Our society is undergoing profound changes, both in terms of climate context and the way we live and inhabit, and this project is an opportunity to change our practices for a more sustainable way of life. This project is part of a strong ecological approach through the conservation of the existing building, the choice of ecofriendly materials and by reusing building materials. The proposed apartments are adapted to today’s households (couple without children, single people, etc.) in the way that they are qualitative spaces but deliberately small. This, following the example of the emergent lifestyle of “Co-living”, allows to share wide spaces that are usually missing in conventional collective dwellings, in order to enrich housing and social interactions.

facade image situation plan image of the community hall

The building becomes a key player in the neighborhood thanks to its base that is largely occupied by public functions, like the community hall, the workshops and the coworking spaces. A section of the façade opens itself to make these spaces visible from the outside and the appeal of the large hall is reinforced by its double height, thus becoming the spokesperson for the communal vision that animates the building.

Through a series of thresholds, the resident leaves the public part of the building to enter the semi-private domain. Generous common areas at the back of the building welcome them and can be arranged and programmed according to the residents’ wishes. Finally, the tenant regains the private sphere of his apartment, south-facing with large bay windows offering view and light.

cross section sketch of the energy concept

The apartments are extended by pleasant winter gardens that enlarge the living area along the rhythm of the seasons and allow each tenant to enjoy a private outdoor space. The winter gardens make intelligent use of the original glazing of the façade, otherwise destined for landfill, and ensure indoor thermal comfort.

The separations between the apartments are made of masonry to meet today’s acoustic comfort requirements. From then on, these walls are made load-bearing and thus allow the installation of a new structural framework more favorable for the slabs. This allows the existing very thin slabs to continue to fulfil their function without reinforcements, despite the increased loads - in particular due to the new screeds and the greening of the roof.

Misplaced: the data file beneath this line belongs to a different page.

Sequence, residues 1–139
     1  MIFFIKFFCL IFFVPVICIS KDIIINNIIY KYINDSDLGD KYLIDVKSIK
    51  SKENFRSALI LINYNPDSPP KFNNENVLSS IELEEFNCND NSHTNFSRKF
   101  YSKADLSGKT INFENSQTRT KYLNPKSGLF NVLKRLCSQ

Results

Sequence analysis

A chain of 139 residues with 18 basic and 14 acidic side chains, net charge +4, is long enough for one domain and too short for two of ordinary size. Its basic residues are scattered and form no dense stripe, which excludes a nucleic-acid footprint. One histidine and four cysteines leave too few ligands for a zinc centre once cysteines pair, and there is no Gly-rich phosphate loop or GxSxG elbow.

roof plan typical floor plan ground floor plan semi burried basement floor plan image of the green roof

The roof, planted with local and adapted plants, improves summer comfort and promotes biodiversity of flora and fauna in the city. Part of the roof, as well as the southern façade, are equipped with photovoltaic panels to cover the building’s electricity needs (lighting, Mobility car charging station, etc.).

The option chosen by the client to transform the building while keeping the current structure requires a large dismantling action, which, contrary to total demolition, offers a good potential for reuse of materials in the project, and therefore the saving of materials, transport and waste. The early conversion of part of the garage into workshops would make it possible to transform, adapt and store part of the building materials for reuse during the project.

sketch of building material reuse sketch of building material reuse sketch of building material reuse

The new materials required are selected on the basis of a principle of ecological sustainability characterised by reused, recycled or bio-sourced materials and will be employed as much as possible in a dismountable and separable way, for example by nailing/screwing rather than gluing.

image of a typical flat